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Exposure to common toxic substances, such as pesticides and herbicides, can prove fatal to rabbits. However, these substances generally don't kill by affecting the lungs. Rabbit lung ailments usually result from infection and death can occur quickly. As prey animals, rabbits are adept at hiding illness until it's too late. Get your pet to the vet at the first sign of any respiratory problem.
Mold in Feed
It's important to make sure that your rabbit doesn't consume any moldy feed or hay. Inhaling the mold spores can cause respiratory illness in a bunny. Eating moldy foods can kill him. Moldy feed or hay smells bad. You might see blue-green mold on feed, while mold in hay causes dust and turns the fibers gray or black. If you're not sure whether or not hay or feed is moldy, follow the old adage: "When in doubt, throw it out." To avoid mold problems, store feed properly in metal containers and don't allow it to get damp. If you purchase small amounts of hay at a pet store and use it quickly, you're unlikely to experience mold. If you purchase bales of hay, don't allow them to sit on the ground or get wet.
Too Much Fat
Obesity isn't healthy in any animal, but too much fat can affect a rabbit's lungs. Not only can the excess weight cause breathing difficulties, but if your rabbit gets sick, excess fat makes diagnosing an illness via an X-ray difficult. A veterinarian might not be able to determine the location of the lungs, chest wall and heart in a radiograph of a fat bunny. Ask your vet about the right diet to keep your bunny at a healthy weight.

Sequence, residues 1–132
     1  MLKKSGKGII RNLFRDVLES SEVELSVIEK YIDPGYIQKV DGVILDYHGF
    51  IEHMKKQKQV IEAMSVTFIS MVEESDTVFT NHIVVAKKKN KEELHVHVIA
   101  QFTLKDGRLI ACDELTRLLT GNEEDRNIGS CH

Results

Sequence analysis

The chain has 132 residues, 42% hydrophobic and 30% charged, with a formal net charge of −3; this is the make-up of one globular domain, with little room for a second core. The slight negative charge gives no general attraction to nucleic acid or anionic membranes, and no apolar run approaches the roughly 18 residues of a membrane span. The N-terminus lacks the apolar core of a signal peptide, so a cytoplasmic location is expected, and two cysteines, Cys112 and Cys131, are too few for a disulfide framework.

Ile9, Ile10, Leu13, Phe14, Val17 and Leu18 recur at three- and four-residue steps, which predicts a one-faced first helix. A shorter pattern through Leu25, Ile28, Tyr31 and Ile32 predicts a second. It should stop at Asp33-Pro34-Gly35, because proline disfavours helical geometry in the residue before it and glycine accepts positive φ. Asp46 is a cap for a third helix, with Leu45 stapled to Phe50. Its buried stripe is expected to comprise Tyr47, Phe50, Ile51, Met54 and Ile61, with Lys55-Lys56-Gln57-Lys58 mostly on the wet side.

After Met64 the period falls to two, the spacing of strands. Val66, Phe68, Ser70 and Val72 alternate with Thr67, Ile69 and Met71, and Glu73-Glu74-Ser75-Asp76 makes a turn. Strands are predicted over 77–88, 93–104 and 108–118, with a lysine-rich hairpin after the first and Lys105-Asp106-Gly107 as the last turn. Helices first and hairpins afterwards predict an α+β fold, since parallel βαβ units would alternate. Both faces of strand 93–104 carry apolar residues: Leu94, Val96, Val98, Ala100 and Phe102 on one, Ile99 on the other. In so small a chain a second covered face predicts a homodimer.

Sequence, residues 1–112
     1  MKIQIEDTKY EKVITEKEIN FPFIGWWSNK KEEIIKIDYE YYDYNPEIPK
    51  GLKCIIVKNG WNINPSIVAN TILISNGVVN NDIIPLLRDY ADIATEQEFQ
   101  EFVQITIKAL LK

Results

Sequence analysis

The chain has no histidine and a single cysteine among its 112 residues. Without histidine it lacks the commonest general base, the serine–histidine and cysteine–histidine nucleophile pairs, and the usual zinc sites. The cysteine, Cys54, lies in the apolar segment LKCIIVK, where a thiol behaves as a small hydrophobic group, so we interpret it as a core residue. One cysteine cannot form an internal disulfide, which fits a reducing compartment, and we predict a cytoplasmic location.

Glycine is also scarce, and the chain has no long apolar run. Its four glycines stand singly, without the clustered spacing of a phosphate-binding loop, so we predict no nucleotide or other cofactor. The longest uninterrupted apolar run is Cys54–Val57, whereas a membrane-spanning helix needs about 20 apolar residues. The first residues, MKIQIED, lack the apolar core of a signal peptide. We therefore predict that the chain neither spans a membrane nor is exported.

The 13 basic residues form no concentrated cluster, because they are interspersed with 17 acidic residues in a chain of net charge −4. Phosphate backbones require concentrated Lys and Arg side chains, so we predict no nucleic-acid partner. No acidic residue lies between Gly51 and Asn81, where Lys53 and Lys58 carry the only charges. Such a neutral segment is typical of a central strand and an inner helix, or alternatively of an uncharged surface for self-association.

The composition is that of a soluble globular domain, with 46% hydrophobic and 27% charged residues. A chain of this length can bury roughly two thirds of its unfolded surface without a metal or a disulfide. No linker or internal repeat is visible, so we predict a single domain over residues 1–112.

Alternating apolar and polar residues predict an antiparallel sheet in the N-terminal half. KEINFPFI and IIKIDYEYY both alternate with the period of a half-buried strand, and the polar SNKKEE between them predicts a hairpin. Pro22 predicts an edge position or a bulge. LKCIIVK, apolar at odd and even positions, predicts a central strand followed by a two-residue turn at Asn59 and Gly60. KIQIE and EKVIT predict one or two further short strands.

Bacteria and Lung Disease
Rabbits are vulnerable to certain bacteria that cause lung infections. Among the most common is Pasteurella multocida, which can result in the extremely contagious disease known as pasteurellosis. This disease often leads to pneumonia, which can be fatal. Affected rabbits cough and experience breathing difficulties. They stop eating and appear lethargic. If your rabbit displays any of these symptoms, get him to a vet immediately. Prompt antibiotic treatment might save your pet.
Rabbit Lung Tumors
Rabbits can develop tumors in their lungs. These tumors generally develop in the lung lining, but spread to the abdomen or other parts of the body. Signs of lung cancer in rabbits include eye bulging, shortness of breath and rapid respiration, muscle weakness and swelling around the head and upper half of the body. The tumor can obstruct your bunny's airflow, with surgical removal the only treatment. After surgery, your vet might prescribe steroids to reduce inflammation and your pet might undergo radiation therapy. If the cancer has spread, the prognosis isn't good, but if it hasn't metastasized and the entire tumor is removed, your rabbit might recover.
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